Though I’ve owned my Chemex for years and have adored its timeless beauty, it’s only recently I’ve been happy enough to share my chemex brew method. Here’s the best chemex coffee recipe I know of, with one twist that’s made all the difference.
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Recommended Chemex Coffee Gear
And of course you need Chemex filters.
- vacuum & frozen beans
- burr grinder
- 40g/600g bean/water
- 190F water
- pre-rinse filter
- ~100mL, ~1min bloom
- add remainder of water
You’ll want a good kitchen scale accurate to the gram.
A decent burr grinder is another necessity and doesn’t have to break the bank (unless you want to grind espresso-fine).
And my favourite kettle to keep the perfect 190F water I love.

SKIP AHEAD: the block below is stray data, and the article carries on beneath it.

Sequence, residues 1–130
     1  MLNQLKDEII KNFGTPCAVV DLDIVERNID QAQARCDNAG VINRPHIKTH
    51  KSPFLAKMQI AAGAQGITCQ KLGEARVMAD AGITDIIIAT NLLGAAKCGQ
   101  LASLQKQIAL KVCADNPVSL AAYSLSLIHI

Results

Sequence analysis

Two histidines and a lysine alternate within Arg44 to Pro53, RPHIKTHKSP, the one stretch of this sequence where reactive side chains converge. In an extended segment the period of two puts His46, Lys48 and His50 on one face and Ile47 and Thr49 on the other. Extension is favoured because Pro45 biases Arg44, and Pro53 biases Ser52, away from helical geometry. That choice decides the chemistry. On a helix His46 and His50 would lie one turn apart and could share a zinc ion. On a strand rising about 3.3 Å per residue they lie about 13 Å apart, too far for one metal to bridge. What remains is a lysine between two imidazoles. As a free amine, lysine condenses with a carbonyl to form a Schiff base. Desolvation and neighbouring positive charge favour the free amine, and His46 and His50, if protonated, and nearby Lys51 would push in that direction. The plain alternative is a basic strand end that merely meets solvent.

And last but not least, the missing piece of the puzzle for me to get a chemex brew I was happy with, was vacuum freezing my beans! Before using frozen beans, I struggles with super-long Chemex extraction times. No matter how large I tried to grind my beans my filters seem to always get clogged and take longer and longer to drain as my pour progressed. This one “trick” of grinding frozen beans produces more even grind size with fewer fines – which I believe were responsible for clogging the dense Chemex paper filters and prolonging my drip times. Grinding frozen beans brought my extraction times back to normal and creates a much more palatable cup with less bitterness (read: overextraction).
Every brew method has its strengths and weaknesses. But my Chemex really shines on the more delicate, light to medium roasts with more nuanced flavour profiles.
For it’s classic looks and ability to bring out the best in some of my favourite beans, the Chemex is one of my “dessert island” coffee brewing methods for its simplicity, beauty and ability to extract the most delicate taste from amazing beans.